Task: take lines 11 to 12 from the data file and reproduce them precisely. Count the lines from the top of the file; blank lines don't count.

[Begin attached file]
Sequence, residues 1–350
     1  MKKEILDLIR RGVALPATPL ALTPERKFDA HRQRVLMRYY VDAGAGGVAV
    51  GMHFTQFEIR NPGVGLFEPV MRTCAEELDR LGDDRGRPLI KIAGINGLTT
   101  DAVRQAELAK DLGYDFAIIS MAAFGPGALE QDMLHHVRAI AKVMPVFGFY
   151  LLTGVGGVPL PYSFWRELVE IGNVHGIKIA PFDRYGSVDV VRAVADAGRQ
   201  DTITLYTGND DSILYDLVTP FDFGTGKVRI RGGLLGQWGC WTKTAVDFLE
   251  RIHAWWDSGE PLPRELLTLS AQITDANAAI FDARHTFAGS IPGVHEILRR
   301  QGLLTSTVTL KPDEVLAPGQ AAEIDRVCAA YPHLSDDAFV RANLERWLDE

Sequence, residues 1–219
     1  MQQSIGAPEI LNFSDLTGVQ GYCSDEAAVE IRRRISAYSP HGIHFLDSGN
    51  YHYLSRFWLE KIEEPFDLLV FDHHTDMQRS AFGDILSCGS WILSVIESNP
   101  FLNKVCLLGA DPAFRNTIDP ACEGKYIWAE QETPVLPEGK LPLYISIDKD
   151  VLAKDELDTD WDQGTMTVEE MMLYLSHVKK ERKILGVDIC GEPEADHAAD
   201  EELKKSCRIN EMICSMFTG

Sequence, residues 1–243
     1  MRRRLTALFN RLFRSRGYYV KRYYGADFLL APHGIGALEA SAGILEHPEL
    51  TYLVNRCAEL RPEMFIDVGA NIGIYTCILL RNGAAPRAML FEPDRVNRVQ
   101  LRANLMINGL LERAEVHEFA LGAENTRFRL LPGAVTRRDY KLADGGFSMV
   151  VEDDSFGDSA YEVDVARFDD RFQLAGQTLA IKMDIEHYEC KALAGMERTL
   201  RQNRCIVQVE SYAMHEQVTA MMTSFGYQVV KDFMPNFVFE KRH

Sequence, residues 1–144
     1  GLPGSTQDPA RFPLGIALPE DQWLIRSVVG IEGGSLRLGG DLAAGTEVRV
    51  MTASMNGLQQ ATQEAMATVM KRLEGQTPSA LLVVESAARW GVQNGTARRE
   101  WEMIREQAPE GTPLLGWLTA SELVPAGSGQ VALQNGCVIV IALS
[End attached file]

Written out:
    51  YHYLSRFWLE KIEEPFDLLV FDHHTDMQRS AFGDILSCGS WILSVIESNP
   101  FLNKVCLLGA DPAFRNTIDP ACEGKYIWAE QETPVLPEGK LPLYISIDKD